National Green Tribunal: When was it established & how does it work?

What is National Green Tribunal? Understand its structure

The National Green Tribunal was established in the year 2010 by the National Green Tribunal Act, 2010. India is only the third country to have such a system after Australia and New Zealand.

Why was the act enacted?

It was enacted with the purpose of-

        Expeditious disposal of cases that relate to environmental protection

        Reduce the pressure on courts for litigation on environmental matters

        Speedy environmental justice

        Conservation of natural resources

        Enforcement of legal rights related to environment

        Giving compensation and relief to person or property for damages


What is the guiding principle of NGT?

It is guided by principle of natural justice. It is not bound by the procedure laid down under the Code of Civil Procedure, 1908.

The NGT has to dispose a case within 6 months of it being filed.

Where is the NGT based?

The main or principal place of sitting for the tribunal is New Delhi.

The other places of its regional branches are- Bhopal, Pune, Kolkata and Chennai.

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What is the structure of NGT?

It consists of a Chairperson who is a retired judge of Supreme Court. The current Chairperson is- Retired Justice Adarsh Kumar Goel.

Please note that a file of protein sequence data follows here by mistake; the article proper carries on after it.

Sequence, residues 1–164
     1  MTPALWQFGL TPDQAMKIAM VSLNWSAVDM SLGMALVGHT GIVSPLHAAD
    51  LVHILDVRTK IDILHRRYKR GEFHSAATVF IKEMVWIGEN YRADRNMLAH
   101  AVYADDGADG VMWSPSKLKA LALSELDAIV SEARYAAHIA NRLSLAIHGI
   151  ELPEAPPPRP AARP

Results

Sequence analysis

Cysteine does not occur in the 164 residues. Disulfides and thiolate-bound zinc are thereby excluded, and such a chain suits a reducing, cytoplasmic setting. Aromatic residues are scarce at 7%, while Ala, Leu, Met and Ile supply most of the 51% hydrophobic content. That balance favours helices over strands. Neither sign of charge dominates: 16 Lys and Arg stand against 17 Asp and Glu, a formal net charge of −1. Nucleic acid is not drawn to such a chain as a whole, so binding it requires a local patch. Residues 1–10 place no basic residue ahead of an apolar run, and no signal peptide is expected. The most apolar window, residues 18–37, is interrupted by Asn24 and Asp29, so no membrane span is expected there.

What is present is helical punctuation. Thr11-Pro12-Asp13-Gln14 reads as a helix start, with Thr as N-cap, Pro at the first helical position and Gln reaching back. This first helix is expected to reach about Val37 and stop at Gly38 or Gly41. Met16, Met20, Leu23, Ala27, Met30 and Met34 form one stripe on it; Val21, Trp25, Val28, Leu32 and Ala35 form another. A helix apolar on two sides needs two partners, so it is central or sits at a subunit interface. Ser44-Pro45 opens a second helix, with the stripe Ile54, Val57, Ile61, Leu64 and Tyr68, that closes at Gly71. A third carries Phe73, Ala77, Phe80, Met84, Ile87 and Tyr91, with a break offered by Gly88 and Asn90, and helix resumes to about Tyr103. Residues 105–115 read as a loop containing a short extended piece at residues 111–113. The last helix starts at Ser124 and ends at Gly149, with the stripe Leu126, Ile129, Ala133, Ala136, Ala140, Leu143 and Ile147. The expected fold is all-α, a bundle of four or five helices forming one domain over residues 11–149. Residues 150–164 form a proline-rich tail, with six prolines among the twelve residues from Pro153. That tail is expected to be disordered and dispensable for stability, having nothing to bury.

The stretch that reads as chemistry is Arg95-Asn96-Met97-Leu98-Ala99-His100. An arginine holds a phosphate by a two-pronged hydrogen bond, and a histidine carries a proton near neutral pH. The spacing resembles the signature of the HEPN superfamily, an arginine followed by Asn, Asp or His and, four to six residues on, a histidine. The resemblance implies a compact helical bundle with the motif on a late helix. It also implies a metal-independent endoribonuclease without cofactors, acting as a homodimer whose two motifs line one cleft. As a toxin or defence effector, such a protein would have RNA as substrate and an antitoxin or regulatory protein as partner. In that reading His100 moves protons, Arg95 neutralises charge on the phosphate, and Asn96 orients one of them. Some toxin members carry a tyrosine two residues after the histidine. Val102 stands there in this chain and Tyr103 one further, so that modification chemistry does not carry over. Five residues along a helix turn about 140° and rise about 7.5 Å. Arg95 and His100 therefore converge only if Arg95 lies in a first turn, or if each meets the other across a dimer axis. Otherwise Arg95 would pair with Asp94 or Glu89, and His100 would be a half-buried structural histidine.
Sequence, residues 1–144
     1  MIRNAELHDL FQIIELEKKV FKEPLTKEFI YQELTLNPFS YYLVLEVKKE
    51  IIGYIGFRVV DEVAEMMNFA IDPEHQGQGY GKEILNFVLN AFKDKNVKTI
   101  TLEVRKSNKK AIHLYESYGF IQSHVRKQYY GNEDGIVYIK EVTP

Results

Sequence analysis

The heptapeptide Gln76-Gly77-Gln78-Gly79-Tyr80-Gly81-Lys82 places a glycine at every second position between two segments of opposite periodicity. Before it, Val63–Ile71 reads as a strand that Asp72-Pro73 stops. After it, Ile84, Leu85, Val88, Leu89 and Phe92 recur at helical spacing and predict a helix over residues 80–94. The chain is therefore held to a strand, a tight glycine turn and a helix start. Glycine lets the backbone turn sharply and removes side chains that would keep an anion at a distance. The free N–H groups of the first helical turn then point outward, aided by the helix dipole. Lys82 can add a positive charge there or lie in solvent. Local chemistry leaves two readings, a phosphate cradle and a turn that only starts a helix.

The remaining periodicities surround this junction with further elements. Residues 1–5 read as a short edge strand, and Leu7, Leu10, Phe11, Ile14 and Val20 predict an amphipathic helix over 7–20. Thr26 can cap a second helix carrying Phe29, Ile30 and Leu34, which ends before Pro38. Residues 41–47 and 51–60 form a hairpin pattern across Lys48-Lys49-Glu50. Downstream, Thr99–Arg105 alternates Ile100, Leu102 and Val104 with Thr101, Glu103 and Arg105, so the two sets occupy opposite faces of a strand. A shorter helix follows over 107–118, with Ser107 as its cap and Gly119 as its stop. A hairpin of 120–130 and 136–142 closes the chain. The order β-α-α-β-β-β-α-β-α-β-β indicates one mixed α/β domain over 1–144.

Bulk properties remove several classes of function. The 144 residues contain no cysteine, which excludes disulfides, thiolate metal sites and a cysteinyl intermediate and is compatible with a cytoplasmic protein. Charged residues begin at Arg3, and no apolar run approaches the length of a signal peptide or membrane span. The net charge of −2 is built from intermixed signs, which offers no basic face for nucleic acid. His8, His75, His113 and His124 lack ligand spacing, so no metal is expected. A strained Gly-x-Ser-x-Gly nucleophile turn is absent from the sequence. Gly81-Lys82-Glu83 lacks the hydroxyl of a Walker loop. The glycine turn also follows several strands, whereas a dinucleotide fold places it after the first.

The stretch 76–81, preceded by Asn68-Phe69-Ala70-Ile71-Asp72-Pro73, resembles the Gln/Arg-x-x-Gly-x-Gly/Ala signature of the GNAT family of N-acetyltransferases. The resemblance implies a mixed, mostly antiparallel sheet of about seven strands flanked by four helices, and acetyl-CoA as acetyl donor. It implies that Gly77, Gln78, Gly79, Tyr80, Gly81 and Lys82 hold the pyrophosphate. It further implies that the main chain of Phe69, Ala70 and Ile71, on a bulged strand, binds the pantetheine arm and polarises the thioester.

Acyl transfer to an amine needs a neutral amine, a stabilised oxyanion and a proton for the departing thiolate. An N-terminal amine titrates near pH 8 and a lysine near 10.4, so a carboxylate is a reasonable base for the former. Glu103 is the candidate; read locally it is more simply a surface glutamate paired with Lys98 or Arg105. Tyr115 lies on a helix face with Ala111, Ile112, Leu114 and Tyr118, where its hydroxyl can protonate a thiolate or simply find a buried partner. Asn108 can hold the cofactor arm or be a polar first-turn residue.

It also consists of Judicial members and Expert Members.

The Judicial members are retired Judges of High Court and Expert members are those with a professional qualification and minimum 15 years of experience in the field of environment, conservation and related subjects.  


The NGT can hear cases relating to the following Acts-

  1. The Water (Prevention and Control of Pollution) Act, 1974;
  2. The Water (Prevention and Control of Pollution) Cess Act, 1977;
  3. The Forest (Conservation) Act, 1980;
  4. The Air (Prevention and Control of Pollution) Act, 1981;
  5. The Environment (Protection) Act, 1986;
  6. The Public Liability Insurance Act, 1991;
  7. The Biological Diversity Act, 2002

However, the Wildlife (Protection) Act, 1972 and the Indian Forest Act, 1927 do not fall within the purview of NGT. 

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